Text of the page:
When I first heard about the band Bulletproof Stockings a couple years ago, I thought the name – a colloquial, sometimes derogatory, term for the thick and opaque stockings that Hasidic women wear – was hilarious. The existence of a Hasidic alt rock girl band that performs music in English with covert religious themes amused and intrigued me. However, I didn’t actually listen to their music until I saw that the Bulletproof Stockings documentary would be screened at the JOFA conference, with a talkback from band members Perl Wolfe and Dalia Schusterman moderated by Miriam Brousseau.
I did not expect to see many right-wing types, let alone Lubavitch Hasidic women, at the conference. As someone who falls more towards the right side of the religious spectrum, it bothers me that my peers don’t value feminism or think it’s necessary. Consequently, I was really happy that Bulletproof Stockings was at the conference. I’m totally ignorant of their beliefs towards feminism and how it intersects with Judaism, so I don’t know if they agreed with anything that was said at the conference, but the fact that they were there at all was really awesome.
I enjoyed watching the documentary, but the best part of the session was the talkback with Wolfe and Schusterman. It was inspiring to hear Schusterman chronicle her journey from playing drums in hard rock bands in New Orleans to becoming Lubavitch and forming Bulletproof Stockings. “Hashem [God] wanted me to be in a band,” Schusterman shrugged. “Hashem just kept putting me in the path of drums.” Both women are truly dedicated to their craft, using their talents for musical expression. “We want to create music we’ll enjoy listening to, not just to fill the void of Jewish music,” Wolfe said.
I really respect the two for sticking to their morals and only performing for all-female audiences in order to avoid kol isha (the prohibition of women singing in front of men). “We’re not doing it [performing exclusively for women] because we decided that it would be a great way to make money,” Wolfe said. “We’re doing it because we believe that this is our mission as women and this is what we were meant to do.” Bulletproof Stockings puts their money where their mouth is, and I appreciate that.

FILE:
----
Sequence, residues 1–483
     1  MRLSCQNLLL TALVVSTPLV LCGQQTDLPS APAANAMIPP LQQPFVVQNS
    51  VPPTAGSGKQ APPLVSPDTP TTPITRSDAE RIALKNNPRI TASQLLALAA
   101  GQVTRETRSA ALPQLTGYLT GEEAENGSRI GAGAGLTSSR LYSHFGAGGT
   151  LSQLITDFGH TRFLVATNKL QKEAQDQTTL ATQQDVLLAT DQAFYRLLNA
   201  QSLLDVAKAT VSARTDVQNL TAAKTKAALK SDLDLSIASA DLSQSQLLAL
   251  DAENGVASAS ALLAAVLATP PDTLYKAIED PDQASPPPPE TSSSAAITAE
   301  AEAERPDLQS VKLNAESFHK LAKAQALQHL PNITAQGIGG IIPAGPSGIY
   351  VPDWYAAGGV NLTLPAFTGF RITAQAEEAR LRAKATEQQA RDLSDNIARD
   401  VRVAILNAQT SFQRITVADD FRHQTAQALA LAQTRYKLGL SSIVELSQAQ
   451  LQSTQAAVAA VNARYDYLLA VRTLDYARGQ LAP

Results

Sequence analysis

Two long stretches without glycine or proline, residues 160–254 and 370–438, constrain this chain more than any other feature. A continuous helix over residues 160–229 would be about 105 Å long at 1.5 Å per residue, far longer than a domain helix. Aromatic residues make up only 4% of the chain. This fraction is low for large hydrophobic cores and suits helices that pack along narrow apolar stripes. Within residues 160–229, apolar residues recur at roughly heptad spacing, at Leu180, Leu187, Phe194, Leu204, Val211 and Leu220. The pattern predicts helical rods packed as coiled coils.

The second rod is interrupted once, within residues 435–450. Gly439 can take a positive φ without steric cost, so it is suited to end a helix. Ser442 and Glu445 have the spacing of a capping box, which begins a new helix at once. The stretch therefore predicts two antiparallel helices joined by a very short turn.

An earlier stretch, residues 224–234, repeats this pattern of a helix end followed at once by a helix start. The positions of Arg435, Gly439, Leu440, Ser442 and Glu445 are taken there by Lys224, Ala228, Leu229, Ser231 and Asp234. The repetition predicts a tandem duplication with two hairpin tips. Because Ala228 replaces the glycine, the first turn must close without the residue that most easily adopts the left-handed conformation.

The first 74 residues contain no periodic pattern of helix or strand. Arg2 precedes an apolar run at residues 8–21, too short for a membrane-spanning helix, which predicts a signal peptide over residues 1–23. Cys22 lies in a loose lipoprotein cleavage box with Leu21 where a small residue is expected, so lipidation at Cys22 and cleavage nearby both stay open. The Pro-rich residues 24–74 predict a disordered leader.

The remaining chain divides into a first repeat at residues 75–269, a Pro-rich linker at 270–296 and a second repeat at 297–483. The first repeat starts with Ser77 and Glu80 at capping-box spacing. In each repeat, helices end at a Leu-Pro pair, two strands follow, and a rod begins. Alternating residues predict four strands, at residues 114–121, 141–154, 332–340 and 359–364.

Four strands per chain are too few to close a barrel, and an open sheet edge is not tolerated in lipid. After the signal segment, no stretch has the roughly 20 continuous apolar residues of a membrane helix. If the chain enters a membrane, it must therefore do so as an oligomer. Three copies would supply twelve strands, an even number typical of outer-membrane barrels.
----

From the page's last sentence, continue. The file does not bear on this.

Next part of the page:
Although it may present a challenge to only perform for women only, Bulletproof Stockings’ audience definitely appreciates the single-sex space. I have always fervently championed women-only spaces in both the religious and secular worlds (link here), so I found Wolfe and Schusterman’s discussion of this issue fascinating. When someone from the audience asked whether there’s a Bulletproof Stockings for men, Schusterman replied that men don’t need it; “they have Minha [afternoon prayers] and Ma’ariv [evening prayers],” services that traditionally only men attend. This parallel between modern music and ancient prayers struck me. I think it just comes to show that when women yearn to have increased access to Jewish spirituality, they will find methods of religious self-expression.
Wolfe pointed out that Bulletproof Stockings creates a women-only space in the secular world, which is rarely done. She said that when she tells secular women that men aren’t allowed into their concerts, their response is invariably “I’m not gonna be bothered by guys at a club? That’s fantastic, I’ll see you there! With five of my girlfriends!” I’m happily surprised that they’ve found the secular response to be overwhelming positive.
Secular women don’t just come to concerts because of the “no boys allowed” rule; Bulletproof Stockings’ music certainly has crossover appeal in itself. I think that it’s a real kiddush Hashem (positive example) that women from all backgrounds can rock out together. “We have Jews, non-Jews, hipsters, African-Americans, all sorts from Crown Heights that walk into private shows, we never know who’s going to come. Our vision to have a sisterhood party happening around the world is totally happening, that’s really what we’re about,” Schusterman said.
Although it may be trite, I strongly believe that sisterhood is powerful, and the idea of a global sisterhood party really appeals to me. I do think that music can be experienced differently in women-only spaces, and that it’s important to foster that, at least while the patriarchy is still in power. And I mean, how can you not like a band with enough chutzpah to call themselves Bulletproof Stockings?